NEW YORK—The air conditioner repairman suits me and Fred stole from the truck over on 73rd did the trick. Our idea was still crazy, but we had to try something, especially after spending a day and a half on the Dakota Apartments’ sidewalk sweating our butts and brains off. Didn’t see John or Yoko come out of the building once, and the one limo we did see had the same rich Jewish lady getting in and out.
We already learned from a UPS guy what floor Lennon lived on, so then it was just a matter of fooling the doorman and getting in the building, which on a 106-degree day with 98% humidity, wasn’t too tough.
We were ready for anything when we knocked on the penthouse door—Lennon in his robe or birthday suit, Yoko with her hair in curlers, maybe even another seven-day peace vigil happening in their bed.
What we didn’t expect was a toddler boy swinging open the door who couldn’t have been two and a half. “Dada!!” he cried after taking one look at us, before John appeared in a T-shirt and jeans and scooped him up. He had a cigarette in his free hand and a stretched out telephone in his ear.
“Apparently we are far from an agreement then,” he said into the phone in his perfect King’s English, waving us inside. There were empty chinese food cartons on a counter, along with a forest of empty beer bottles. John had his shoulder-length hair back in a rubber band and looked pale and pretty hungover. I didn’t care. Seeing him in front of me was enough to freeze my feet to the floor, and Fred had to poke me from behind to get me moving.
“Fine. Then I will talk to good lady Melissa. Cheers.” He hung up, shook his nose into his son’s hair until the boy giggled, lowered him back to the floor. “Bloody money people. Sometimes you just want to holler. So which conditioner needs mending, lads?”
I was tongue-tied. Fred sensed it and scurried across a big open living room. “I’ll check over here!”
“Uhh…right. We need to tell you—”
“I mean, the boy has no problem opening a door for strangers, but when we took him to the circus recently, he was damn near terri—”
“We’re not air conditioner men, Mr. Lennon.”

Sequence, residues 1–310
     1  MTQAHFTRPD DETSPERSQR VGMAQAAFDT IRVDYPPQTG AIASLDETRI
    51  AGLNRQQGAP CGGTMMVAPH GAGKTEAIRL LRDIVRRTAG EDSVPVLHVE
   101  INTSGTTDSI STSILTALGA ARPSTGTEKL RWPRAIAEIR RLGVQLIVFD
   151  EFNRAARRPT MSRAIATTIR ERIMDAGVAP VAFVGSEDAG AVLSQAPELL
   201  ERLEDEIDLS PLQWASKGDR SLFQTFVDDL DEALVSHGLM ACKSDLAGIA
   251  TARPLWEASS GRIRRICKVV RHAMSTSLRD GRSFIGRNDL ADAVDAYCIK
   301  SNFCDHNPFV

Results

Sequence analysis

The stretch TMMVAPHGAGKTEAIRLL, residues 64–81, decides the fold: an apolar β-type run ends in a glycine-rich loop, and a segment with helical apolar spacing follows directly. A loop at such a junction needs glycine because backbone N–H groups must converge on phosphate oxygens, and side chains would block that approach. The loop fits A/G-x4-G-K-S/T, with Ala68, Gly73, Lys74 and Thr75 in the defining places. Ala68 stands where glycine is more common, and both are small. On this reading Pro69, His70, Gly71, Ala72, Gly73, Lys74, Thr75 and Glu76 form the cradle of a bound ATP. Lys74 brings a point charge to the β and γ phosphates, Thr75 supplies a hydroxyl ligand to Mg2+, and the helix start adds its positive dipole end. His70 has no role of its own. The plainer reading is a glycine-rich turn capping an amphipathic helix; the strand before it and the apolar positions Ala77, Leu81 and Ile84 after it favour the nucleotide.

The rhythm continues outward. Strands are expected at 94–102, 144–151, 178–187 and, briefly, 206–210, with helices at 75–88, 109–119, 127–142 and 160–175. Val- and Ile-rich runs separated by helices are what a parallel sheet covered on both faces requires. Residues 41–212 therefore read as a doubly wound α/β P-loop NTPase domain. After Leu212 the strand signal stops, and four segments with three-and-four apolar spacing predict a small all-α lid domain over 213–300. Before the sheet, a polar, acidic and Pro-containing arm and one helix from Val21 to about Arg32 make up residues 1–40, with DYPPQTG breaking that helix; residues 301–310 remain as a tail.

He stared up at me through his round, tinted glasses.
“You’re not a pair of slags are you? You know, autograph seekers? What about the CIA or FBI? They bloody despise me.”
“Maybe we should sit down a second.”
“Maybe I should ring up security then—”
He reached for the phone and I grabbed his wrist. “We’re here to save you, man!”
He paused, looking amused and frightened at the same time. I let go and backed away.
“Listen. I know this is gonna sound weird, but we have good reason to believe—a very good reason—that this crazy guy is going to fire shots at you on the sidewalk in front of this building. When you come back from a recording session.”
“Oh really. And when is this ungodly event supposed to happen?”
“Well…in three years.”
Now John looked utterly baffled. I leaned closer.
“See, we’re from a new private agency called the um, CVP. Celebrity…Violence Prevention.” (Fred stood in the living room, rolling his eyes.) “We have many deep sources, and have learned that there’s an obsessed fan who is plotting to kill you.”
“In three years?
“In three years.”
John stared at me for a long time, then dropped the rest of his cigarette in a beer bottle. “Perhaps we should sit down. But not here. There’s a fine tavern down the street where no one bothers me. This might require a drink or two, wouldn’t you say?”
“Yo Beatle!” yelled Fred, “They got a TV there so I can watch the Yanks?”
“Er, American cricket is not one of my passions, I’m afraid. But yes, I imagine they do. Let me just ring our nanny up, and we’ll be off.”
* * *
John was right. No one bothered us, and we were hammered on Watneys Red Barrel beer before long. Lennon asked all sorts of questions about the CVP, forcing me to make up all sorts of answers, while Fred spent a lot of time at a jukebox in the corner, punching in one classic soul song after another with the pile of quarters John gave him.
“Another round, lovely!” John yelled to the annoyed waitress, lighting another cigarette and leaning back in the booth. he seemed elated to have someone to drink with.
“What did you think of Walls and Bridges, guv’nor?” he asked. I told him I liked it, especially the song “Watching the Wheels,” and he gave me this dumbfounded look. Damn! I had jumped the gun a little. But then, in the drunken state we were in, I figured it was as good a time as any to fill him in.
“Look John, my partner and I …are really from the year 2010. See, the hospital—I mean, office—sent us back in time to follow and correct a bunch of bad historical things. Mostly baseball things from this year, but also…you being shot.”